"Because we murdered You, have mercy on us and on the whole world."
The "for the sake of" part confuses me. Help.
Some [if not most] of the best Catholic prayers were originally written in Latin or Greek, so a vernacular translation sometimes cannot literally convey the precise meaning of certain ablative and prepositional phrases that may be crucial for the meaning of the entire text.
By that prayer, we mean to offer the Eternal Father the infinite merits of the Passion of His only-begotten Son, Who became incarnate in the chaste womb of Mary Most Holy to redeem the human race. The expiatory sufferings of Our Lord placated the divine wrath incurred by original and actual sin of the human race as a whole, and each human person individually. The Passion of Our Lord was more well-pleasing before the Father than the sins of all mankind were displeasing to Him, because of the divine dignity of the God-Man. The Eternal Father in sending His only-begotten Son into the world also manifested the infinite charity wherewith He has loved us.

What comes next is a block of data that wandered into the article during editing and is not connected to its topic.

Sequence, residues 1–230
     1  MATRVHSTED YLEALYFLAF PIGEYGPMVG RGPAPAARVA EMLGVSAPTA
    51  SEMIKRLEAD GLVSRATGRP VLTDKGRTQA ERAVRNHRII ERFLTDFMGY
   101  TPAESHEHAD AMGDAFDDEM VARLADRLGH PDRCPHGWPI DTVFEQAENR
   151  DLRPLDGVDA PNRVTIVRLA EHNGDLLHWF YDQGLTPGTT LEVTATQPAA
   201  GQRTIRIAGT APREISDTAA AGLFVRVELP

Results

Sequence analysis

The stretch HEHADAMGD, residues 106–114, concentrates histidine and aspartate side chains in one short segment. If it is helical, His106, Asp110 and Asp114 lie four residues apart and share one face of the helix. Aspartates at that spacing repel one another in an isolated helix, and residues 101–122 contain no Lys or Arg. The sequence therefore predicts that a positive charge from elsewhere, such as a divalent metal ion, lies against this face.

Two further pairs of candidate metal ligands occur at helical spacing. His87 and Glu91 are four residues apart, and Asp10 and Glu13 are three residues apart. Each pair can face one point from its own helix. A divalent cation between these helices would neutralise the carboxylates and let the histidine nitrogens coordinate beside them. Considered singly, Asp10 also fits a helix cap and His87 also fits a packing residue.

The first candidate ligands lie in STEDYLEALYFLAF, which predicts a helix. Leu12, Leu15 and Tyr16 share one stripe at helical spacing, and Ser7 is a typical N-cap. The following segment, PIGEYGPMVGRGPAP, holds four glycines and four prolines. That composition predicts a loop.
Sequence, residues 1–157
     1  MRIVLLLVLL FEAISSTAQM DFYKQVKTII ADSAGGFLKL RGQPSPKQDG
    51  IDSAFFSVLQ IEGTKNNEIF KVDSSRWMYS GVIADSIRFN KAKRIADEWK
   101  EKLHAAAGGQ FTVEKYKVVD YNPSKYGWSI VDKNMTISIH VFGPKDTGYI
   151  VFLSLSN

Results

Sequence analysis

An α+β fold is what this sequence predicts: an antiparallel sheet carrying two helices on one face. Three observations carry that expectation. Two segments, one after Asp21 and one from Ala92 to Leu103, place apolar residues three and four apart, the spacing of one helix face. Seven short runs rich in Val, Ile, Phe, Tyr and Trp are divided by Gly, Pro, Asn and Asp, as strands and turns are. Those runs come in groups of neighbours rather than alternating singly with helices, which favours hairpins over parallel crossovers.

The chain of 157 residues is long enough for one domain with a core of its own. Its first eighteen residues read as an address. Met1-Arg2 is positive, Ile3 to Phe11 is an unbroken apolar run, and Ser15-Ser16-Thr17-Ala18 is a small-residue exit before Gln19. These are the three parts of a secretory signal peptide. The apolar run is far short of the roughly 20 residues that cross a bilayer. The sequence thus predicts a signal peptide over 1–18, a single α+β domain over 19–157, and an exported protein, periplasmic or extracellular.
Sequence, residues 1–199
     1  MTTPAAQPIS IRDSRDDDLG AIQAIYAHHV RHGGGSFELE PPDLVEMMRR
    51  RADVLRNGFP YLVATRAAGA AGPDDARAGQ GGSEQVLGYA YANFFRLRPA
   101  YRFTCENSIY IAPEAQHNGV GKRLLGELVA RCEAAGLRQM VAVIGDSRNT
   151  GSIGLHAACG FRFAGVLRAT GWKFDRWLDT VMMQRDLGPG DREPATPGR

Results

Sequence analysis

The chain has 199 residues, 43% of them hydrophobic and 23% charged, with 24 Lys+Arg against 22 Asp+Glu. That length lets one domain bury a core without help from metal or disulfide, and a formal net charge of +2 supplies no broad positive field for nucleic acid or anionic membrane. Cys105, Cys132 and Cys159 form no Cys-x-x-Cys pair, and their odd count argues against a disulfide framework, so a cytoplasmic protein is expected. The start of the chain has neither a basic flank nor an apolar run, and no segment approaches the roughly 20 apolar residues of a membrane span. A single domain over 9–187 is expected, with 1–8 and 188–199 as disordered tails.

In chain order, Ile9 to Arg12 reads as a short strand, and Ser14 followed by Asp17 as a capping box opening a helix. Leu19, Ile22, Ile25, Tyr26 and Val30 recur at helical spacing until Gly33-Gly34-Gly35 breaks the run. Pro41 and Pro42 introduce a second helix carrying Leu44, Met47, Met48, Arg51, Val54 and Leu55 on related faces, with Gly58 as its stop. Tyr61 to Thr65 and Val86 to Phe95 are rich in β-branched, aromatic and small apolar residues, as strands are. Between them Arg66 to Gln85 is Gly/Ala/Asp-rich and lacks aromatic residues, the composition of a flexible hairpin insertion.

When we address this prayer to the Christ, it is to prayerfully remind Him to grant us grace and have mercy upon us by reason of the infinite and eternal love that lead Him to utter desolation and annihilation upon Mount Calvary. It is on His infinite merits, not on our own (we can call nothing our own save our sins and demerits) that we must always rely. We deserve nothing but chastisement, and grace is given only by Christ's most holy Passion.